Learn Chess

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Mastering Chess- Chaos and an overextended knight

Do a general survey of the key ideas before you start analyzing a specific variation in great depth. On many occasions, I have spent a great deal of time and energy, looking six or seven moves deep in a certain variation, only to find I missed something simple and better way back at the beginning. More 🡢

Old vs new SparkChess board

Old vs New: The SparkChess board redesign

With the new board design we introduced for SparkChess 10, some people were left wondering if the change was really necessary . After all, the old design has served the community for eight years and people grew attached to it. Far from us to pursue change for its own sake. In this post I’ll try to explain the reasons for the redesign. More 🡢

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Mastering-Chess-Classic Sicilian Counterplay

Play in the Sicilian is typically sharp because of the imbalanced pawn structure. It’s especially important to pursue the right plan in sharp positions, because it can be difficult to contain your opponent’s counter play, and he will often take over the initiative after a couple of small inaccuracies. More 🡢

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Mastering Chess – All-out Struggle for a Key Square

Black makes a critical error on move 14, and tries to organize a defense with his king in the center. Both sides focus their attention on the d5 square. The square falls, and Black’s king must run for cover. In the meantime, White wins additional material and he enters an ending with a two pawn advantage. More 🡢

SparkChess - The Free Online Multiplayer Chess Game

How we test SparkChess across platforms

SparkChess 9 is now available on all major platforms and devices, completing a cycle started last year. You may be wondering why the mobile version came out a month and a half after the desktop version. Read on to learn how we test it. More 🡢

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Mastering Chess – Pawn Structures

After a little research, you’ll find that some variations have been played by chess grandmasters, but way less frequently than more solid alternatives. This often means they are used as “a surprise weapon,” and there’s a good chance there’s something about them that doesn’t hold up too well against correct play. Oftentimes, there’s just a single variation that comes close to refuting the idea, and the opponent has to know that line or find it over the board. Otherwise, the adventurous player often gets a good game. More 🡢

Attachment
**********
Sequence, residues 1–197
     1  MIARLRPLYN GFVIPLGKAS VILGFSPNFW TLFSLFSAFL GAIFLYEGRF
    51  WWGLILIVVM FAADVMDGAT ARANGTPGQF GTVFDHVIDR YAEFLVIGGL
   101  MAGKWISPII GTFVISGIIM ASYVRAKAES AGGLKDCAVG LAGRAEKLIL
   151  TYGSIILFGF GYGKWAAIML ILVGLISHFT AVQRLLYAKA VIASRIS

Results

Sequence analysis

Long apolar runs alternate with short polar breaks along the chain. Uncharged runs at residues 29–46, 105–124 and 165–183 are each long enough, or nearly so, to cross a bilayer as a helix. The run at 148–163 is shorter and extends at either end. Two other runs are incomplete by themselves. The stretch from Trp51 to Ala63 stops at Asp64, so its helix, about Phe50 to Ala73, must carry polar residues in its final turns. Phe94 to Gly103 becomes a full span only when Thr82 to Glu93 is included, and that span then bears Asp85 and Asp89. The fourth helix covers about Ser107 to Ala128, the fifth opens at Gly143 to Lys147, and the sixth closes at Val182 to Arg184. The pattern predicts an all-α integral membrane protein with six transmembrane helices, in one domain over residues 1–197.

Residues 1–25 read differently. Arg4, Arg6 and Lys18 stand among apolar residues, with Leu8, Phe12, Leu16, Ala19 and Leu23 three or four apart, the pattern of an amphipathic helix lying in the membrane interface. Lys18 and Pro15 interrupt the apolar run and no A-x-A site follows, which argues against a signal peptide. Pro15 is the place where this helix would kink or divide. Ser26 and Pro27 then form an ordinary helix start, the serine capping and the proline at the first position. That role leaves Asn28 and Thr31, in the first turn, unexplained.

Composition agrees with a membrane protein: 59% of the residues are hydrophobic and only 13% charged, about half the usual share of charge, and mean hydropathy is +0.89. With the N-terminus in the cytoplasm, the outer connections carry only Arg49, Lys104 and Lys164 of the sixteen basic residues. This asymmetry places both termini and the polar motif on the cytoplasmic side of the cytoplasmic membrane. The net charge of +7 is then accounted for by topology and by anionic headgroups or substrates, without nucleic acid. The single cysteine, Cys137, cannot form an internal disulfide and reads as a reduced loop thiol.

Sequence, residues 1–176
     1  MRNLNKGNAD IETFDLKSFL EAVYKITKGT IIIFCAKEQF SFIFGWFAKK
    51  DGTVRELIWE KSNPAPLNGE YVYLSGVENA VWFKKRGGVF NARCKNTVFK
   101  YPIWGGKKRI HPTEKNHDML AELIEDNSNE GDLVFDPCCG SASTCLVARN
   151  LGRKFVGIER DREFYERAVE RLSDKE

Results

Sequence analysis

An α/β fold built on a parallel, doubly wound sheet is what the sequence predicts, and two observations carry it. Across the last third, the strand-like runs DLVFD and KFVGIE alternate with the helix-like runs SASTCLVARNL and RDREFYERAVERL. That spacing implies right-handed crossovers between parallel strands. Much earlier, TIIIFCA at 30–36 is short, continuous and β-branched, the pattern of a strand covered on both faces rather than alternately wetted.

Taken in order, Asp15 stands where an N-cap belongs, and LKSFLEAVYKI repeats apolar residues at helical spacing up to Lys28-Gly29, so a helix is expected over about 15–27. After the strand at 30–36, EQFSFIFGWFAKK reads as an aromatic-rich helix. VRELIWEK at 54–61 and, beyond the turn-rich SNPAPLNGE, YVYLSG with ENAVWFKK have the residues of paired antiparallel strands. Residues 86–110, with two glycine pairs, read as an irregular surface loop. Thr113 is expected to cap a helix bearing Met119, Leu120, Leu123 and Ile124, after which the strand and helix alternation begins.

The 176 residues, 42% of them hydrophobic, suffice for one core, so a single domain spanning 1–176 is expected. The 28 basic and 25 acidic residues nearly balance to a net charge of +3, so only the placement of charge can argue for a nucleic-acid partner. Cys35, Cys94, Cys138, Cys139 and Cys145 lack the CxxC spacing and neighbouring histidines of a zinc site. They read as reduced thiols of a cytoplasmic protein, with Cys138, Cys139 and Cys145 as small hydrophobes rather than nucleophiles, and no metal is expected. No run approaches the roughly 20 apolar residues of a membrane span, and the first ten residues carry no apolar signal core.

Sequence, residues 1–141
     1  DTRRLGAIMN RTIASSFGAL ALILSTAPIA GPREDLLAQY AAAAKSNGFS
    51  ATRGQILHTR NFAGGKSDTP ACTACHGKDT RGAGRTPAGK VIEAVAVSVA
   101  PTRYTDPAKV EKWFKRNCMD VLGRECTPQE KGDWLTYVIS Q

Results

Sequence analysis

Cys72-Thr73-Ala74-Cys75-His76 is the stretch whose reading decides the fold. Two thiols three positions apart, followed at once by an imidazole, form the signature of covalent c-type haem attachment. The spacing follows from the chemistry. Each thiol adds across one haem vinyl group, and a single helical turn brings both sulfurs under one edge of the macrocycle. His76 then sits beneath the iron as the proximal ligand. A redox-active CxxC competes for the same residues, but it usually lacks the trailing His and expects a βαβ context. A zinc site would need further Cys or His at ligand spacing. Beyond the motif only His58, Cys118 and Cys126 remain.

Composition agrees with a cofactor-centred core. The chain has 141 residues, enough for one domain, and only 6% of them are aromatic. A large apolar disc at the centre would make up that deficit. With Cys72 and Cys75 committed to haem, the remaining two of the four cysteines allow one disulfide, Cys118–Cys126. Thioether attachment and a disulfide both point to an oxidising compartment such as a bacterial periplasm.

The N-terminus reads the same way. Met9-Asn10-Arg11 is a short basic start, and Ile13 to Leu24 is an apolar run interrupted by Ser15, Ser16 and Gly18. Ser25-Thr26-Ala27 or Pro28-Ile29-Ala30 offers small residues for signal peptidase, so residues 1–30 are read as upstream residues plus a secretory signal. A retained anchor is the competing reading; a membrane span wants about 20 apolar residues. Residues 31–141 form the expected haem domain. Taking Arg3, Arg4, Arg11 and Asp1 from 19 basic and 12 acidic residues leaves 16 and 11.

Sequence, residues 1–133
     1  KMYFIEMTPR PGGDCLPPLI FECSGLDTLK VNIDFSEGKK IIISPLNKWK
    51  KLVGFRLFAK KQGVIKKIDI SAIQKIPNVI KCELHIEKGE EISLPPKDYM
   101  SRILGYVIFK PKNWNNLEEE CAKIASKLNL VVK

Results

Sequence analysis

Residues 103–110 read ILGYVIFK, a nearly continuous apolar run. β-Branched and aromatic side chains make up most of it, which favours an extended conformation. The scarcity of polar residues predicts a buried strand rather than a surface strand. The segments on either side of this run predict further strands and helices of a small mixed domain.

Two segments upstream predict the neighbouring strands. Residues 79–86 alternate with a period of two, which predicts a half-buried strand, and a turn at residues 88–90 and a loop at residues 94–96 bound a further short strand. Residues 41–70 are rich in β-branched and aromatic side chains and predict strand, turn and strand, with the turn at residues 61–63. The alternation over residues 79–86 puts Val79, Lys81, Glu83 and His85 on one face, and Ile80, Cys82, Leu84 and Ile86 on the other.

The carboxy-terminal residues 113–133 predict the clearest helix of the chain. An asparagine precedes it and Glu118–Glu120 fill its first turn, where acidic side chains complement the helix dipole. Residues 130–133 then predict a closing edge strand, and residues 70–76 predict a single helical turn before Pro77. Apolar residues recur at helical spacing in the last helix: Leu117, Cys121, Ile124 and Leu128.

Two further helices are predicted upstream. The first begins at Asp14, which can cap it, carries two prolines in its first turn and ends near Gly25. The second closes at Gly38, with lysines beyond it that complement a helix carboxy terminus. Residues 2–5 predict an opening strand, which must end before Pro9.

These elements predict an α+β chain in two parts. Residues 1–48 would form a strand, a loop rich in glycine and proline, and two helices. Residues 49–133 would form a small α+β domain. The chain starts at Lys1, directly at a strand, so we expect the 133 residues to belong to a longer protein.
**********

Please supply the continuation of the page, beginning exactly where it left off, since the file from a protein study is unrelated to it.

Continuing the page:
Is it hard to learn chess?

Learning the rules of chess can be accomplished in one day. There are six different chessmen. Master how each moves and captures, and use them to checkmate your opponents, to succeed in your chess games.

Where can I learn chess?

The best way to learn is by playing! Right here on SparkChess you can play against different computer personas (start with Cody if you never played before). The game will highlight all valid moves for a piece, so it's easy to understand and learn the rules. Then you can move to learning strategies and openings with SparkChess Premium, which features an Opening Explorer with over 100 opening variations, 30 interactive lessons and even an AI coach.

What is the best way to start learning chess?

While learning chess online is efficient, since software corrects illegal moves, playing chess with others in person can be satisfying. You and a friend or family member could tackle chess together, perhaps reading the rules in a book. Playing on a three-dimensional chess set can be a fun break from our online lives. When in-person chess is not available, SparkChess has online multiplayer for playing with friends (and making new ones).

How can I teach myself to play chess?

While learning chess rules takes one day, becoming good at chess takes longer. One proverb states, “Chess is a sea in which a gnat may drink and an elephant may bathe.” With intense efforts, chess greatness can be achieved.